After the first hat, the next two hats I bought were also simple rings with net. I have never worn them before.
These hats fulfilled my two primary hat requirements at the time:
This hat type is still pretty inexpensive and easy to find (in fact, I picked up a group of three recently for $20.00 at the online Goodwill), but they appeal to me beyond those qualifications. I love the tidiness of these hats—how with a fabric ring base, a net, and maybe some ribbon, they elevate an outfit.
As you will see, my hat collection is long on small hats and short on large picture hats, or over-the-top confections with giant bows and feathers. The day-to-day ladies’ hats of the 50's and 60's interest me more than the modern “Kentucky Derby” hats. Except perhaps in the South, those theatrical hats are designed for a special occasion (such as the Derby or a wedding). They are a shout that drowns out all else. I prefer hats that date from the days when no outfit was complete without a hat and gloves. They are harmony for the rest of the outfit.
These particular ring hats caught my eye because they had embellishments on the veils that interested me. The black hat has small black velvet flowers with green leaves.
The off-white hat has small fuzzy dots. I was also attracted by this hat’s bow in the back and pillbox shape. It’s like one of those false-front buildings you see in movie Westerns: from afar it looks like a pillbox, but if you see it from above you realize it’s a ring, not a full hat.
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A few years ago, I moved from the Bay Area. It was a hard move for me; I’d lived my whole life in the East Bay and the Peninsula. I had family there, lifelong friends. My husband and I moved to a town where we knew no one beyond our real estate agent. We endured some struggles getting through escrow (what do you mean, the showers only have lukewarm water? How could you repair the garage wall in such a way that the garage door won’t close?). After moving in, the first time it rained, our new roof leaked, and whenever we ran our microwave, a fuse blew.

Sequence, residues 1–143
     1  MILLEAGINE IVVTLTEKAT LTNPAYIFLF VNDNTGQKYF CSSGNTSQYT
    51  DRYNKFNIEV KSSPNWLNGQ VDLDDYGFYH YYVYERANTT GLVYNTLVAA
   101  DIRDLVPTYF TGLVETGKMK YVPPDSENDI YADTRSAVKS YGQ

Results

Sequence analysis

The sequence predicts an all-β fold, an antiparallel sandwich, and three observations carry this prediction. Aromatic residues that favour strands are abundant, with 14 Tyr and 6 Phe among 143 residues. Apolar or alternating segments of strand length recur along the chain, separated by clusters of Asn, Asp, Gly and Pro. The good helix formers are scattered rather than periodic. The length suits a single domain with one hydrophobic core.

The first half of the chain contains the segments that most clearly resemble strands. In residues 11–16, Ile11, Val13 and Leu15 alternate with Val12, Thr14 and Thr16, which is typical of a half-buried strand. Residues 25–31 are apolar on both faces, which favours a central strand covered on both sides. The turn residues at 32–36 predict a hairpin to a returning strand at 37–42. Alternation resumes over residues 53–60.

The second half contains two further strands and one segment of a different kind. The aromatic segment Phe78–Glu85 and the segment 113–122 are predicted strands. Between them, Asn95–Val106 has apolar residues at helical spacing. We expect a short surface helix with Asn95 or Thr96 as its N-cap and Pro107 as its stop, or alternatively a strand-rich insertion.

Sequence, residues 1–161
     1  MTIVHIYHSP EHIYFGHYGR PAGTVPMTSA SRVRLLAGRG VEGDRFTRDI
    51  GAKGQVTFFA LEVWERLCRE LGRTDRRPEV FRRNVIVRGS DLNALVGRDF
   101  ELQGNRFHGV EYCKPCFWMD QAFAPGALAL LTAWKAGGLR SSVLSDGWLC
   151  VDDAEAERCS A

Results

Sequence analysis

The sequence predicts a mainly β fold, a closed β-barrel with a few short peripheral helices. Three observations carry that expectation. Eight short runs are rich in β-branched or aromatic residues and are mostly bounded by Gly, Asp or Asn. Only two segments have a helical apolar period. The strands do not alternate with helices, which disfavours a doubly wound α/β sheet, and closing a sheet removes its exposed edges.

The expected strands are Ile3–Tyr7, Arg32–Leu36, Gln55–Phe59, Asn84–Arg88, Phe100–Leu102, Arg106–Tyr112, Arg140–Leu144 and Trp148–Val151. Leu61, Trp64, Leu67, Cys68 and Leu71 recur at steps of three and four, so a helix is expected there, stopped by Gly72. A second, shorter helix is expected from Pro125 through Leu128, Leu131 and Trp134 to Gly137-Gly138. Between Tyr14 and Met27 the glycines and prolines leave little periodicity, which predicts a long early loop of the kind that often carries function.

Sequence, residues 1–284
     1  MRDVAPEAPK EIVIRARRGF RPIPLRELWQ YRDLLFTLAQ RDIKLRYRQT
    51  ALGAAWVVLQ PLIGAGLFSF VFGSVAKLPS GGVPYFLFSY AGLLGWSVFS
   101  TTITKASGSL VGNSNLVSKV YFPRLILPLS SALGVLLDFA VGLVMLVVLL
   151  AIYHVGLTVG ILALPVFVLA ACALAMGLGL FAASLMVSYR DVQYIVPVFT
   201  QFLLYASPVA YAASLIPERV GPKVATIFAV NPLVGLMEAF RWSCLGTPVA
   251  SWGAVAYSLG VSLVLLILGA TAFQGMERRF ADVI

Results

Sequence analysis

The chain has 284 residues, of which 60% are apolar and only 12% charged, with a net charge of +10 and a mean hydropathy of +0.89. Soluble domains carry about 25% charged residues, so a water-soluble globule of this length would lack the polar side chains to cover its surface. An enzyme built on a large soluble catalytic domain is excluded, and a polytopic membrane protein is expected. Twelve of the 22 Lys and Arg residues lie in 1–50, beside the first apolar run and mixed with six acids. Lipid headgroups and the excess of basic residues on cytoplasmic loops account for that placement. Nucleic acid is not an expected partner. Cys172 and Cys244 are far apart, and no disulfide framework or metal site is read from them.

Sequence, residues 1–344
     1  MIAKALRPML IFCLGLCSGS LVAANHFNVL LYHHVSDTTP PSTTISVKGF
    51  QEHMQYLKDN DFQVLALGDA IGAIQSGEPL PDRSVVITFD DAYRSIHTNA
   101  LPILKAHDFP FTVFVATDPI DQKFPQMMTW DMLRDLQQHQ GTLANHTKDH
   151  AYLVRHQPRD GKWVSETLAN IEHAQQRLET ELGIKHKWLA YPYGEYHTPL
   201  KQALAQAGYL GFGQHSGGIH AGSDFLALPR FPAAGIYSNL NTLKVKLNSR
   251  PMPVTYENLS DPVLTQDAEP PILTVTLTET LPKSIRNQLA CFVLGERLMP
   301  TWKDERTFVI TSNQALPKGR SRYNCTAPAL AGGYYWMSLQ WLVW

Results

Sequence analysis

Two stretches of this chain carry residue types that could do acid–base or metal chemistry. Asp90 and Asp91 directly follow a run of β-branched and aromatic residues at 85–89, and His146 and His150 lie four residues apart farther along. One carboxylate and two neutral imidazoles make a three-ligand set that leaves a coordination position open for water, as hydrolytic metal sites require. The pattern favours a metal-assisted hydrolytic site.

All of these problems had easy fixes, but dealing with them made me feel even more uncertain that we had made the right change.
Within a week of my move, still up to our eyebrows in boxes, we showed up at the first rehearsal of a local community chorus. Unlike my last chorus, this one did not require an audition, just a voice check. I wasn’t nervous (or not very) when the director took me through scales to find out my range.
But one element was the same in both choruses: the friendliness of the group. The singers in this chorus were so uniformly welcoming that for the first time since the move, I felt like I had found my place, my people.
Recently, another alto, Lee, came up to me at rehearsal with a grocery bag. It contained a red hat that was too small for her. Would I be interested in it? Of course I would!
The hat worked well for winter trips to the farmer’s market, when my usual straw sun hat wouldn’t be warm enough or suited to potentially damp weather. So here I am, wearing the red floppy hat on a drizzly farmer’s market day.
I bought this gray beaded hat at an art fair many years ago. It was made by Jax Hatz San Francisco. Because it covered my ears and wouldn't blow off, I wore this hat a lot while driving my convertible. I also wore it after top-down driving, especially if I had worn a ball cap—this hat hid hat hair nicely.
As the hat has seemed to loosen up over the years, I have worn it less often. I also find myself driving top-down less than I used to. Maybe that’s the loosening up in me, a laziness that doesn’t want to take down and put up the manual top, a skittishness about getting a headache from too much sun.
In this picture, I’m posing before the Carrizo Plains wildflowers—we didn’t travel top down because the rutted dirt roads would challenge my low slung car (and the dust would coat the interior). I put the hat on for the shots, and then was glad of its warmth when the wind came up as the day went on. I remembered why I had always loved this hat: it’s comfortable, neutral yet slightly blingy, and cozy around the ears.
Here are some old pictures of my travels in this hat: In Monterey in 2001 and driving the coast in 2011:
Ann Hillesland writes fiction and nonfiction and collects hats. In this blog she vows to wear (not just model, but wear out of the house) every one of her hats, blogging about their histories and their meanings for her.